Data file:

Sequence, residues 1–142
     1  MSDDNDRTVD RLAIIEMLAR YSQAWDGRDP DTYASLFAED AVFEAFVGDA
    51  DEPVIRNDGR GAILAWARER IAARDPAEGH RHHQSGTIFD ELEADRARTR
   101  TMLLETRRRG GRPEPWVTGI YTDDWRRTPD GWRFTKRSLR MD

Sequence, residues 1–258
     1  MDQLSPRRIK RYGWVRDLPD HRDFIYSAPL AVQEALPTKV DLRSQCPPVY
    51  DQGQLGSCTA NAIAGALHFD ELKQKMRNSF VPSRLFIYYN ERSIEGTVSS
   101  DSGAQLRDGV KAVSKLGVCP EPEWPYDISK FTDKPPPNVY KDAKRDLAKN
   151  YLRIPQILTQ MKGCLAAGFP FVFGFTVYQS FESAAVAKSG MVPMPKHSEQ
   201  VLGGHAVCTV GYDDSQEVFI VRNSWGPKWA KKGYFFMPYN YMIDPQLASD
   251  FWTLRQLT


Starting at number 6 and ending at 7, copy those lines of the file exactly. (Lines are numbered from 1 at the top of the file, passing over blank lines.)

     1  MDQLSPRRIK RYGWVRDLPD HRDFIYSAPL AVQEALPTKV DLRSQCPPVY
    51  DQGQLGSCTA NAIAGALHFD ELKQKMRNSF VPSRLFIYYN ERSIEGTVSS